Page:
At the service, the attendees included his work buddies, a few guys from the shooting range, and friends from years ago, including Deputy Sheriff Dan and his wife, Cheryl. Some of Freda’s friends and coworkers were also there, including Lizzie and her husband Harold, as well as Annabel. Other than Dex, Freda was the only other person who spoke to the group.
Dex told the assembled that Briggs took pride in fixing cars and a number of their long-time customers specifically asked for him as their main mechanic. He spoke of the patience Briggs would demonstrate with the younger guys when he helped them troubleshoot complex problems and offer solutions. He was also generous with his tools knowing it would take some years before they could afford what he had accumulated over the decades. He didn’t mention that sometimes Briggs needed extended breaks to walk off various moments, although they didn’t occur that often at work.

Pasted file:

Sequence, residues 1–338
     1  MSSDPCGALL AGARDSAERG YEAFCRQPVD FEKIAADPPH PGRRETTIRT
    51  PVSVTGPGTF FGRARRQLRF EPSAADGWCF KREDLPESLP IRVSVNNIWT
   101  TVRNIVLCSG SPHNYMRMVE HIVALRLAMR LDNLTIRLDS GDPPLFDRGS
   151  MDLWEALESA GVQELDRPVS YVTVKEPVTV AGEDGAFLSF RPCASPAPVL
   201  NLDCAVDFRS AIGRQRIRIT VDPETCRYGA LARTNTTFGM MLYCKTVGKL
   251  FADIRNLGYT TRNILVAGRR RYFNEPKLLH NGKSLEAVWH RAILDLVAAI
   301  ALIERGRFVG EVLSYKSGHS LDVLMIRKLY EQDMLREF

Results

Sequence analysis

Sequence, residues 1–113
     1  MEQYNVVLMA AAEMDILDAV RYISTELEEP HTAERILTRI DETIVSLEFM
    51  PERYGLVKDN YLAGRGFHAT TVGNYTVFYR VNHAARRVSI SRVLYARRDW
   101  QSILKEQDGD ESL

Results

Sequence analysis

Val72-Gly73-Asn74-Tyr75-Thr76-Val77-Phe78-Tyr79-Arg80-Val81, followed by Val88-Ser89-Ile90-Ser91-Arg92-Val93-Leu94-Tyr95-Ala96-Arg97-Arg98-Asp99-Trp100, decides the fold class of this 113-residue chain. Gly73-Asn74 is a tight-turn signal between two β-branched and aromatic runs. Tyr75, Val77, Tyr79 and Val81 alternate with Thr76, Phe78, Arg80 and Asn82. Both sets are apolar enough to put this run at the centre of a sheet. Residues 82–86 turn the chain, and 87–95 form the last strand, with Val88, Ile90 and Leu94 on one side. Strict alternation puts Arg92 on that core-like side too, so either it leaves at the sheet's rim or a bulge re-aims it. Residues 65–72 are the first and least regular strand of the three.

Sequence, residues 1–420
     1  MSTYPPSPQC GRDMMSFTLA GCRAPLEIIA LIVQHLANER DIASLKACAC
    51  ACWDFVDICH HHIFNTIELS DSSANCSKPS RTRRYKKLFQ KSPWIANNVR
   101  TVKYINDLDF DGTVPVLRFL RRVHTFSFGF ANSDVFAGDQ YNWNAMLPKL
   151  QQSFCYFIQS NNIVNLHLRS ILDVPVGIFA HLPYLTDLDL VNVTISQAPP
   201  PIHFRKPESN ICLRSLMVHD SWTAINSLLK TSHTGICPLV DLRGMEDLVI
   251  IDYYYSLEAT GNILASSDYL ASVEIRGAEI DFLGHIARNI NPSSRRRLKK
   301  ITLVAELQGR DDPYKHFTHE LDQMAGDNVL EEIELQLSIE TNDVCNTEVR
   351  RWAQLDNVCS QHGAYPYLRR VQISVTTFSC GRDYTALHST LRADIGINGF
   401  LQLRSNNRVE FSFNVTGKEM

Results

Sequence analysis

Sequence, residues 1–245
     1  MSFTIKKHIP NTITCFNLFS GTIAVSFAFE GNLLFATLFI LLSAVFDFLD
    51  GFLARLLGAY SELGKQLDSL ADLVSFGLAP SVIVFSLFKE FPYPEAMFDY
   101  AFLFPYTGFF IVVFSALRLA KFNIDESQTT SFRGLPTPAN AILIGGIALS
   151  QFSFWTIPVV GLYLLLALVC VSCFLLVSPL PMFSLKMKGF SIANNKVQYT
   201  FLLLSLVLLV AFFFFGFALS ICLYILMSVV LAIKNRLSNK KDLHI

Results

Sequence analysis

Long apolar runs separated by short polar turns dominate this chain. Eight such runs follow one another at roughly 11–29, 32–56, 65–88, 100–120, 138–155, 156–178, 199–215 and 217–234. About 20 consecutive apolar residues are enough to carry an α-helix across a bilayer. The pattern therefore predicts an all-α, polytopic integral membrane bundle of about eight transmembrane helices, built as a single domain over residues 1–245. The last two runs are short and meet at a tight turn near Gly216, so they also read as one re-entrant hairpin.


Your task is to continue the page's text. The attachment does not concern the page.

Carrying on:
Freda was brief, stating “His regular self was caring and helpful. And as many of you know, he ain’t never been the same since the accident.” Her words were sincere and skirted the boundaries of grief. Yet she seemed to be offering justification for the way he lived and died — indeed, justification even for herself — since she, too, seemed forever trapped in a violent collision that only for the grace of God was she spared. Freda marginally maintained her composure, while looking down at the grass, stammering out her last words before returning to the group: “At least…at least he’s no longer troubled by…his pain.”
Of course, everyone was aware of the story. It was a notable small-town tragedy. They also knew that Freda would have been in the car with them on the way to the county fair, but she was called to work at the last moment to her waitress job to fill in for someone who was sick. And all who knew Briggs before the accident also knew he was never the same after it took away his sister, Wynona and his best friend, Chad, who were his passengers.
Wynona had introduced Briggs to Freda, who were friends on a women’s softball team from neighboring towns.
Dex concluded the funeral with a simple farewell, “Peace be with you, Briggs. Your service to others lives on.”
Freda distributed the ashes into the stream while Lizzie and Annabel added oak leaves and pine needles selected from his property.